Rarely does a day go by in Lebanon without funerals being held for Hezbollah fighters killed in Syria. For months the organization refused to explain how they died, instead settling for vague gestures toward “car accidents” and “mysterious deaths.”
Then a month ago, in a speech recorded before a crowd of his supporters, Nasrallah boasted that Hezbollah was involved in the fighting in Syria. The magnitude of the admission, from an organization that has long claimed it exists to protect Lebanon, can’t be denied. The motives behind the admission, in contrast, may be many.
It’s true that Hezbollah has a strategic interest in bolstering the Bashar al-Assad regime. Without Syria, Nasrallah’s supply routes from Iran to Lebanon would be disrupted. Still, these calculations don’t seem sufficient to account for the admission.
Instead, a combination of factors likely converged. Most simply, the pretense may have become untenable. But hundreds of Hezbollah members have disappeared from their homes. Some have come back in coffins, and others ended up in hospitals. An explanation was required. Moreover, Tehran may well have informed Hezbollah that even attempts to portray itself as “sitting on the fence” in the Syrian situation were no longer acceptable.
And so Nasrallah declared openly and explicitly that “Syria is the backbone of the resistance and the resistance cannot sit with its hands clasped when they wish to break the backbone. If Syria falls in the hands of the United States, Israel and its allies, the resistance will be lost and Israel will enter Lebanon and impose its conditions. If Syria falls in their hands, Palestine will be lost.”
Nearly a month has passed since the speech, and Lebanese Shiites have been left to face its effects. Suddenly the Hezbollah-dominated Bekaa Valley region – Baalabek, Hermel, Arsal – has turned into a war zone. Every few days missiles or mortar rounds fall on Shiite enclaves in Lebanon, from Dahiyya in southern Beirut to the Baalbek region in the northeast. The logistical spine of Hezbollah has turned into a target. Extremist Sunni figures are calling for Sunni youth to arm themselves and confront Hezbollah. The organization has become a target.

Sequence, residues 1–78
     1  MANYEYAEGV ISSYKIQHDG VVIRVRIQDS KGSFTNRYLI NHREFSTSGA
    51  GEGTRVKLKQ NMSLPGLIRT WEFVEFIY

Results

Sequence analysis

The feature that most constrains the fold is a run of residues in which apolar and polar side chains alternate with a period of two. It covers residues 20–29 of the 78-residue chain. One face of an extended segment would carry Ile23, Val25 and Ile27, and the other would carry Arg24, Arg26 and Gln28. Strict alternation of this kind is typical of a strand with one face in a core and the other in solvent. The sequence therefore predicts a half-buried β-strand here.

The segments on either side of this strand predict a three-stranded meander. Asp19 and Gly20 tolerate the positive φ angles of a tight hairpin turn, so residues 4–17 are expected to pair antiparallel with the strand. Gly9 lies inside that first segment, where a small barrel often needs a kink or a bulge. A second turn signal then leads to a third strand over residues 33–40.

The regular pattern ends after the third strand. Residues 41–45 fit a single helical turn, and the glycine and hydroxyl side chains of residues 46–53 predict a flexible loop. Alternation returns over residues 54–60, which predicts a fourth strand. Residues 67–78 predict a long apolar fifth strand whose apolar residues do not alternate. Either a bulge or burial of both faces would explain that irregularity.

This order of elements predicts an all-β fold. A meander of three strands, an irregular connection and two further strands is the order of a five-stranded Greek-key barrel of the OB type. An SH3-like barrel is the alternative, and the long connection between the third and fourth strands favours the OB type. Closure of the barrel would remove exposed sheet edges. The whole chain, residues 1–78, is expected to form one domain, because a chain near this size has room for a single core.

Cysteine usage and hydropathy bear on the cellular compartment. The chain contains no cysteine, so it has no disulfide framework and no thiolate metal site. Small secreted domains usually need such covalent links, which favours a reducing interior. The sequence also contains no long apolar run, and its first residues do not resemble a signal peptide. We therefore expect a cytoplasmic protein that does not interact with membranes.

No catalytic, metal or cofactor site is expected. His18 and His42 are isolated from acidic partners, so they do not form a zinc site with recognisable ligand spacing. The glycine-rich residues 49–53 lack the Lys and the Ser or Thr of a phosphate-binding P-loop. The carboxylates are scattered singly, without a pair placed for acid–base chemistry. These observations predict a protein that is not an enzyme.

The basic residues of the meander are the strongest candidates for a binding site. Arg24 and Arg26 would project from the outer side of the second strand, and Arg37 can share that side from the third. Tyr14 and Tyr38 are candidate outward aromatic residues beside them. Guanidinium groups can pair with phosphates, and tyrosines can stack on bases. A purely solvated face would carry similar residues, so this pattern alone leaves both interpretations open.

Back inside Syria, it is likely that Nasrallh lost roughly one tenth of the thousand fighters he committed to helping the regime regain control over the strategically important city of Qusayr. According to experts who closely follow the civil war in Syria, Hezbollah has deployed betewen 15 percent to 20 percent of its forces to Syria. If correct, the commitment would underscore the degree to which which Nasrallah has abandoned the “southern front” and engaged in strengthening the regime.
Nor is Hezbollah reducing its involvement. After the capture of Qusayr, the organization is sending fighters to Aleppo, Syria’s largest city, with the goal of capturing it from the rebels. This time Nasrallah is being slightly more cautious and is sending fewer fighters.
It appears that Hezbollah is seeking to support the Syrian army, together with other Shiite forces, in carving out a canton of “Allawi-stan.” This new territory’s final boundaries are still unclear. For the most part, the Syria forces and Hezbollah have abandoned Harran in the south and the desert in the east (Al Hasakah and Deir ez-Zur) and the Kurdish region in the northeast. It appears that Hezbollah seeks to control the area between Qusayr and Aleppo, and westward toward the Syrian port cities of Latakia, Jableh, and Tartus.
[Photo: humbleslave / Flickr]